We have Joyce Kilmer to thank for her poem ‘Trees’ that starts with the famous line:
I think that I shall never see
A poem lovely as a tree.
In nature and in the garden it’s the trees that get most of the attention. Cambridge Dictionary defines the Wow Factor as a quality or feature…that makes people feel great excitement or admiration. Majestic and dramatic, no matter the size, a tree makes a garden or landscape speak that it’s here to stay.
Recently I had the pleasure to spend some time in a historic garden that dates back to the 1800’s. Last year this garden was featured on the Garden Conservancy Santa Cruz Open Days. The Conservancy’s mission is saving and sharing outstanding American gardens so I was thrilled to tour this garden, be introduced to several new tree varieties plus see some old favorites that might just work in your garden also.
Many of the hundreds of tall bearded iris were still blooming in the garden as well as early flowering perennials and shrubs. I didn’t see any dragonflies flitting about on this particular day but the stunning ornamental gate and mosaic created on one of the garden paths both feature dragonflies and I’m pretty sure they are regular visitors. The garden is called Odonata which is the order of carnivorous insects encompassing dragonflies and damselflies.
One of the most unusual flowering trees in Odonata was the Mexican flowering dogwood. This small ornamental tree, a cornus florida subspecies called ‘Pringle’ had the most unusual flowers. Their white bracts don’t fully open giving them a Chinese lantern look. This tree holds its foliage later than the more familiar Eastern dogwood and has reddish fall color. Glossy red fruit that forms later in the season is readily eaten by birds. This tree is showy and best used where the flowers can be appreciated.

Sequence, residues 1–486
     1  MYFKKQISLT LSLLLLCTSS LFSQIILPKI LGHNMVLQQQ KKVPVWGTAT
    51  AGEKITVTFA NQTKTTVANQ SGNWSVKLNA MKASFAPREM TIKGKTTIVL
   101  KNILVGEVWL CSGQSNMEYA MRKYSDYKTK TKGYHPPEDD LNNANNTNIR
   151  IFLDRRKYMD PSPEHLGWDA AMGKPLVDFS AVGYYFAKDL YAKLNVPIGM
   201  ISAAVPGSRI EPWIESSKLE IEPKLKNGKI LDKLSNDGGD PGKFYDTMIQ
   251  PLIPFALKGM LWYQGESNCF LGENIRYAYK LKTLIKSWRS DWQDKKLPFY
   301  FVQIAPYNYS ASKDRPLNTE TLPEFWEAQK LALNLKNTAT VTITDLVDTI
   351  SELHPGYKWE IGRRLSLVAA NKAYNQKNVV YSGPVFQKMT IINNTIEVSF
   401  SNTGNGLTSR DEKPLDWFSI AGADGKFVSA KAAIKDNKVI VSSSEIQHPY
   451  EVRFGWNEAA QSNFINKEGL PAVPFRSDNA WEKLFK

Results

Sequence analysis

Another dogwood variety growing nearby was also new to me. Cornus controversa ‘Veriegata’ (Wedding Cake Tree) is graceful and spectacular with beautifully layered horizontal branches. Winner of the prestigious Award of Garden Merit by the Royal Horticultural Society the tree was covered with showy creamy white flowers in flattened clusters. Later the blossoms will give way to black berries in late summer that is, if the birds don’t get them first. Fall color is a lovely yellow color.
Also in bloom, a laburnum x watereri ‘Vossii’ (Golden Chain Tree) looked spectacular with long, drooping clusters of lightly fragrant, bright yellow flowers. This handsome tree has a beautiful spreading canopy of bluish-green foliage and is a great choice as a single specimen or even in a group planting.
Honorable mention awards would have to be shared between the red form of Henry Lauder Walking Stick ‘Red Dragon’ and the white Flat Rock leptospermum. Well maybe the cryptomeria japonica ‘Dacrydioides’ (Whip Cord Japanese Cedar) or the pinus wallichiana “Zebrina’ (Striped Himalayan Pine) would also place.
There were so many other note-worthy specimens in this garden. From showy shrubs like pittosporum ‘Silver Magic’ to large palm specimens such as Mexican Blue Palm and a giant bromeliad variety called a puya this garden is a landscape designer’s candy store. I even enjoyed the more common plants like lomandra ‘Platinum Beauty’, variegated fortnight lily, a huge heuchera ‘a la Rochette’ blooming alongside a brilliant blue native pentstemon as well as gold flowering Moonshine yarrow.
It was an afternoon to remember between rain storms.